One afternoon I phoned Bill to see if he would like to join me for a cocktail at a local watering hole in Billerica Ma. The early nineties were pre cell phone days and calls were made at home or at phone booths this call went from phone booth. He informed me it was a bit early to venture out and call in an hour to let the sun set first. I agreed it was early but that I was bored and looking for venture. I decided to kill some time at a local gin mill. I don’t recall the name of the place nor do I remember the place having a sign out front either. It was a local place and that’s the way they wanted it. Earlier that day I had missed place my license to drive and formally had no ID. There are three things that I keep track of when going out, my keys, money and ID, having all three accounted for, meant I was in good shape. During these days I wore a bucket hat as they were called or still are. It made me look younger than I was but this is not the reason why I wore it; I wore it because I liked it.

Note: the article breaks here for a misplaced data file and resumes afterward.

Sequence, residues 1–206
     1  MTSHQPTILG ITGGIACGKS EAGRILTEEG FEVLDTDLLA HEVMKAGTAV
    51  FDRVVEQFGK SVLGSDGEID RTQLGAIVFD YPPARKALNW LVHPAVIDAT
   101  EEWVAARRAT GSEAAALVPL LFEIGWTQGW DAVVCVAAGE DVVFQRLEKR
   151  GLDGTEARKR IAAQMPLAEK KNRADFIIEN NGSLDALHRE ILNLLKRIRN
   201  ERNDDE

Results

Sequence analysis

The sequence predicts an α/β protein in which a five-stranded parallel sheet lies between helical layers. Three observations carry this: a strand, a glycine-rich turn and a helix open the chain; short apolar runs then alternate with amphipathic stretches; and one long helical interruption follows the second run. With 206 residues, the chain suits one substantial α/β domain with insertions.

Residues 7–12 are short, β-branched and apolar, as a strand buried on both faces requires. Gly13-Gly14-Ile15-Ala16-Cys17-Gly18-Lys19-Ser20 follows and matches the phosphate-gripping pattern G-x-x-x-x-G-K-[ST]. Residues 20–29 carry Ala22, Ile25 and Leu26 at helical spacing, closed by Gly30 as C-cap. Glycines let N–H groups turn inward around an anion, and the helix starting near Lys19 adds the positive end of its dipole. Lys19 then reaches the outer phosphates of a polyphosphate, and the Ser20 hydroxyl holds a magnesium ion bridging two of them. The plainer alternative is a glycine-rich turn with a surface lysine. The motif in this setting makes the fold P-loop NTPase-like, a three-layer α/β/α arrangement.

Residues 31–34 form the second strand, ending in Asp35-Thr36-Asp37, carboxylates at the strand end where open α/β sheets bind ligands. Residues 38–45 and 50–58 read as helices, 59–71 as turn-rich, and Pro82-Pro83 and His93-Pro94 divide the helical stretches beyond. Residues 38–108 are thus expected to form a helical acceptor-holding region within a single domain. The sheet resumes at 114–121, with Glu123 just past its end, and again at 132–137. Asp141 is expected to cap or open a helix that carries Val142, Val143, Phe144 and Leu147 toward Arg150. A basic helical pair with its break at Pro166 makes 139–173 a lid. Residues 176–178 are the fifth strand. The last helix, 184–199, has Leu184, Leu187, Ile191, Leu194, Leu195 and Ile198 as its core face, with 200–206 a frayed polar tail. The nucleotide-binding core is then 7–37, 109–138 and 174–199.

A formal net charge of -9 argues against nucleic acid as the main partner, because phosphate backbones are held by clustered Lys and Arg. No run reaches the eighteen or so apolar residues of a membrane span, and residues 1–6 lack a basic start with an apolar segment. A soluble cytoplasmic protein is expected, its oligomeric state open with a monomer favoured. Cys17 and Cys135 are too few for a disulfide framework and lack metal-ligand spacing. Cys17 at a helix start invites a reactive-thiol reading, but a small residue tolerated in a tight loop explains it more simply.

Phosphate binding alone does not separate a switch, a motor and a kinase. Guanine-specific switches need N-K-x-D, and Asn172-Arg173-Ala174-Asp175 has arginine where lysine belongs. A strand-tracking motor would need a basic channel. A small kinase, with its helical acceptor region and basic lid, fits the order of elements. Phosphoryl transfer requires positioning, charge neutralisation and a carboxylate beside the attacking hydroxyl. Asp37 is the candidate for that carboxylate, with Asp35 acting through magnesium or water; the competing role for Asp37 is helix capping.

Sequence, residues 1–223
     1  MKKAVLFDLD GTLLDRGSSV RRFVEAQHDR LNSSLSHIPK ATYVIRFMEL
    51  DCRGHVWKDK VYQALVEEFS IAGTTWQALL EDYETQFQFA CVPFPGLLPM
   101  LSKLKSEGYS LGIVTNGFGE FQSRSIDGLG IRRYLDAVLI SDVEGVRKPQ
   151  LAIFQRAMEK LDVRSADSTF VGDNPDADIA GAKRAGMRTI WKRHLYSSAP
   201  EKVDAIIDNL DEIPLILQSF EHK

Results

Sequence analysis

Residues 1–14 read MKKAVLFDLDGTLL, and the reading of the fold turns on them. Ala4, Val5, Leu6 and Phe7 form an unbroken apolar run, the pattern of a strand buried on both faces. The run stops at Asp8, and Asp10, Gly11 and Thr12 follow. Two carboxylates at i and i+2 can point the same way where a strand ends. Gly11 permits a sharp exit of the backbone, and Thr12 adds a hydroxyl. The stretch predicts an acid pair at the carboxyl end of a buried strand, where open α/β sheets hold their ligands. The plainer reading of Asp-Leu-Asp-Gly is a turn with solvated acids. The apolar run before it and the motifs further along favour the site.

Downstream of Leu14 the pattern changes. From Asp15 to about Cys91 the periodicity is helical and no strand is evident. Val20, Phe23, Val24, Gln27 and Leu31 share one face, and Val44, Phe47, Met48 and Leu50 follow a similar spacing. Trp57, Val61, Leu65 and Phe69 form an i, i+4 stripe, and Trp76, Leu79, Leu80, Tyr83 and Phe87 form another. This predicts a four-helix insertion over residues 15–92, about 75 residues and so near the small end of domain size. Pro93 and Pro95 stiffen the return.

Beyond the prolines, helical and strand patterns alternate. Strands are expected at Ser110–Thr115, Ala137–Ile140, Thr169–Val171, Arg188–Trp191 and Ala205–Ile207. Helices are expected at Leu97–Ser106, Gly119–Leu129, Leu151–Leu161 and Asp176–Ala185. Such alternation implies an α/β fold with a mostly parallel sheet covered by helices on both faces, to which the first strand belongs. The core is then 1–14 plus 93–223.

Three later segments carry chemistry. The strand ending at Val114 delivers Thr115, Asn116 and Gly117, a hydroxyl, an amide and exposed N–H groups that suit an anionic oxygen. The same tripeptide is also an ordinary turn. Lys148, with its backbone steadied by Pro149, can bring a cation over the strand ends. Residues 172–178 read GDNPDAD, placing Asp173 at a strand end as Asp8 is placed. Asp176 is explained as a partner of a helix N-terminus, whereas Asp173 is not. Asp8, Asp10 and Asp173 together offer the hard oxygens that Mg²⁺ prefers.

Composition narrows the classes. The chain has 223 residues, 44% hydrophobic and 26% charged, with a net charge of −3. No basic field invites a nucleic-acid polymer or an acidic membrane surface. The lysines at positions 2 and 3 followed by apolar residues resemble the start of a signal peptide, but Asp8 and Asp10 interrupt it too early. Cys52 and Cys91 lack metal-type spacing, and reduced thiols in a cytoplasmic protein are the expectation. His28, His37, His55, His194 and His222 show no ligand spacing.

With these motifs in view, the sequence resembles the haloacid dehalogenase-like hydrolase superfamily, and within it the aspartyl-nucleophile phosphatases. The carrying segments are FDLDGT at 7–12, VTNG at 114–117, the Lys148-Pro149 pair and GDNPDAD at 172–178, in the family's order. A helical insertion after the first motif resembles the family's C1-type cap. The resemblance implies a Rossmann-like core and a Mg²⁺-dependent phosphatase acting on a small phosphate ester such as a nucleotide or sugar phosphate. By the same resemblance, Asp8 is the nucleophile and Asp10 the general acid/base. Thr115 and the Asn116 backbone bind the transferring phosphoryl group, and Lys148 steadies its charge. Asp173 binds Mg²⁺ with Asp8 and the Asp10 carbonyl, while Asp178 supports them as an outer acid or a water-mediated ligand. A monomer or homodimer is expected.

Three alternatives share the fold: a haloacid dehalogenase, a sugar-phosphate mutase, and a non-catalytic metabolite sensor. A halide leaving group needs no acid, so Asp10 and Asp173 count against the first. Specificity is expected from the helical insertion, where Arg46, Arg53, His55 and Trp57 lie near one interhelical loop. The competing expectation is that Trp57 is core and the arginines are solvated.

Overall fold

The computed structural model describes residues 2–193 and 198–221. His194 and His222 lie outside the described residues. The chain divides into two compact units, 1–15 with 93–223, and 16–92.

When I walked into the local gin mill it was dead quite inside. The day shift crowd was still perched on the stools consisting of 4 or 5 40+ year olds who looked 60 from hard days of boozing. Nobody was talking when I entered and the only sound was the flicker from a TV set hanging from wire from the ceiling. Entering the door way was a straight shot to the bar. Behind the bar was a man over 60 and still mean like he was at 20. Stocky build with meaty arms from years of working iron at the gym. An x marine or military by the way he had his hair cut. Short on the sides and slightly longer on top. Military hair cut rang out. His arms were the size of cow legs and he was leaning forward with both hands on the bar and a deep intimidating stare I have never forgotten. Entering he had his eyes fixed upon my without a blink. He appeared to be the owner who had worked behind the bar far too many years and somebody had called in sick that day and he was stuck tending bar. Dressed in a cooks all white outfit including an all white apron. He was going to throw somebody out that day and I was a prime target with long hair and funny looking hat on my head complete with black leather jacket, I was soon to be gone. As I walked toward the bar he kept fixed on me, I tried to act as if I had been there many times before with a real casual walk. The boards creaked under my walk. Old wooden boards that have seen plenty of action over the years. His face had a worn leather look and an x bar room brawler that never blinked. I stopped in front of him at the bar and asked for a Bud bottle. “You got an ID,” he had me. No was the answer yet I didn’t say it, only thought it. Without saying a word I bent over slightly, took off my bucket hat and showed him my balding head. Straighten back up and put my hat back on, he stated “that works” and bounced himself off the lean forward stance to get me the Bud. The day shift crowd erupted in laughter and kept laughing until I finished the Bud and left. I finished the bottle quickly and placed it down. The bar tender was still in front of me. I said “thanks” and his reply was “good day.”